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    Description

    AU58 1803 Large Reverse Stars, 'Extra Star' BD-5 Eagle

    1803 $10 Extra Star AU58 PCGS. Breen-6845, Taraszka-30, BD-5, High R.4. To the present cataloger (GH) the cessation of eagle coinage, ordered in 1804 by President Thomas Jefferson, is one of the greatest tragedies in U.S. numismatics, from an aesthetic point of view. These were the nation's largest and most impressive gold coins for more than half a century, from 1795 until the double eagle was introduced in 1850. But the large gap in their production has led many numismatists to favor the early quarter eagles and half eagles. In 1795 an ounce of gold, worth 15 ounces of silver in America, was worth 15.5 ounces of silver in Paris--enough differential for bullion brokers and speculators to buy U.S. gold coins and ship them to Paris for sale. By 1813 the ratio had reached 16.25 to 1, and the vast majority of all early U.S. gold coinage was melted. At the end of 1804 President Thomas Jefferson ordered eagle production stopped. Even though the half eagle and quarter eagle contained gold proportional to their face values with the eagle, those series continued, intermittently and with unreduced gold content, until the 1830s. Eagle production would resume 34 years after it was halted, in 1838.
    Only a single obverse die was married polygamously to six different reverse dies to create the varieties known for 1803. A die line on the obverse runs from the drapery fold at left of the neck curl, upward and right to the juncture of the neck with the bust. The large, pointed stars are of a style also used on the B. 2-B, Taraszka-25 1801-dated eagle variety. Some light clash marks in the hair, from the second of three known sets of die clashes from the Taraszka-29 Reverse D (B.1-B), remain visible throughout the life of this obverse. Stars 11 through 13 are a bit weak, along with the top row of reverse stars, both as on the Bass specimen, but this example lacks the die crack through BERTY of the piece plated in the Bass Museum Sylloge. On the reverse of this R.4 variety a small extra star, about half the area of a "regular" star, is lightly punched within the peripheries of the rightmost cloud. A leaf points to the left edge of the I in AMERICA, and the last A has a partial foot.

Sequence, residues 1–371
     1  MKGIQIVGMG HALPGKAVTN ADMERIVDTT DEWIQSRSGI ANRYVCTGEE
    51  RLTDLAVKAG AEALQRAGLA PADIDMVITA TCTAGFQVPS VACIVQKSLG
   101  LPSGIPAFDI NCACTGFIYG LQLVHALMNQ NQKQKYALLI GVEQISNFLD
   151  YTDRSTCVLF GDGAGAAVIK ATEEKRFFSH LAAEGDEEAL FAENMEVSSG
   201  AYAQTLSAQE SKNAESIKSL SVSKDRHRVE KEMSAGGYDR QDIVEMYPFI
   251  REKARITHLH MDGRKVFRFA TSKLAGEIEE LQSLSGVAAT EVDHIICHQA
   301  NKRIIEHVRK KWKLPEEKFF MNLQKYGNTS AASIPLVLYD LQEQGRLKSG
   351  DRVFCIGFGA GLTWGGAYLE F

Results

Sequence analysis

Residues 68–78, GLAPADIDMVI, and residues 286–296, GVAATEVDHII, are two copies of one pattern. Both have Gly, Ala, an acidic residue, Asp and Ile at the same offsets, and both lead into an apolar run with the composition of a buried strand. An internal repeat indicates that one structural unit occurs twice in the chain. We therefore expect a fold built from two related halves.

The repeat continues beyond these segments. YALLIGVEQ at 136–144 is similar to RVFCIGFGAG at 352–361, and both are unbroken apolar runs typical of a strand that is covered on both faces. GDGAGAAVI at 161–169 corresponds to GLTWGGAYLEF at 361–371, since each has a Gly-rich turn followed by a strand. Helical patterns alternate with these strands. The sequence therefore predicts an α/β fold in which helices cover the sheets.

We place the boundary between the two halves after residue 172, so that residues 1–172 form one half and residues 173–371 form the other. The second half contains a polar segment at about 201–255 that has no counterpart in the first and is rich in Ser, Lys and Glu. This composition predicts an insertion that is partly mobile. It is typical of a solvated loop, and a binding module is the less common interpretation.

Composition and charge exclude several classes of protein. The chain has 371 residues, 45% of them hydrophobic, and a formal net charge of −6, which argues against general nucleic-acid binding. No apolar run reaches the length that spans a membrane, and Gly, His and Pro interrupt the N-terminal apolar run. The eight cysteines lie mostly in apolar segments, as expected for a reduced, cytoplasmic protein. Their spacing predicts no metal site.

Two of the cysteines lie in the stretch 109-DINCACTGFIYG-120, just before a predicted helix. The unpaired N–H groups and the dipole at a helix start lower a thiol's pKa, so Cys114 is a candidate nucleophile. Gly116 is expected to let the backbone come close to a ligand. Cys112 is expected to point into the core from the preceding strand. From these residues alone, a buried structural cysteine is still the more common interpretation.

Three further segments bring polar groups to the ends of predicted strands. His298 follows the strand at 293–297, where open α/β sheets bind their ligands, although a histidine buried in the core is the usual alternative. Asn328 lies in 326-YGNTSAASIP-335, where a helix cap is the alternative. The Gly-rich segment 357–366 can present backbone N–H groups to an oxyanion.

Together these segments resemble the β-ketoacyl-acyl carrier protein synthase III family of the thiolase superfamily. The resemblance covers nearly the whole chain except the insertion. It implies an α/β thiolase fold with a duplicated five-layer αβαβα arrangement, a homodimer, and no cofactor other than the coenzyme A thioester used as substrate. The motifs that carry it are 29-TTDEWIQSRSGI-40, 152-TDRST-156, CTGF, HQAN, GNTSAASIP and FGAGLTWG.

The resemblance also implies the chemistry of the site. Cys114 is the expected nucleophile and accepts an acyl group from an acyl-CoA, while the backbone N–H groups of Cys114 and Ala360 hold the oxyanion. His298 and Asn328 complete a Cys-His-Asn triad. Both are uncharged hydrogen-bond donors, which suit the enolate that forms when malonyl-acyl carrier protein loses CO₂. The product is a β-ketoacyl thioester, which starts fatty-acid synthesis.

Numismatist par excellence and gold specialist Harry W. Bass, Jr., discovered the extra star (and thus the variety) at the 1966 ANA Convention. The extremely useful new Bass-Dannreuther Early U.S. Gold Coin Varieties comments, "There have been several theories to explain the extra star. The punch that made the extra star is smaller than any used on eagles, so it may be an intentional addition to this reverse die by a Mint employee. It is hard to imagine an accident causing this feature, as a punch would have had to drop into this working die at some point. This is another early gold mystery that defies explanation." Mellow green-gold surfaces contribute to this piece's superb eye appeal. Light field chatter and just a trace of rub confirm a small spate in circulation, but this piece remains a charming and distraction-free example of this historic early gold series. (NGC ID# 262A, Variety PCGS# 88565, Base PCGS# 98565)

    Weight: 17.50 grams

    Metal: 91.67% Gold, 8.33% Copper


    Learn more at the Newman Numismatic Portal at Washington University in St. Louis.

    Auction Info

    Auction Dates
    January, 2007
    3rd-6th Wednesday-Saturday
    Bids + Registered Phone Bidders: 3
    Lot Tracking Activity: N/A
    Page Views: 323

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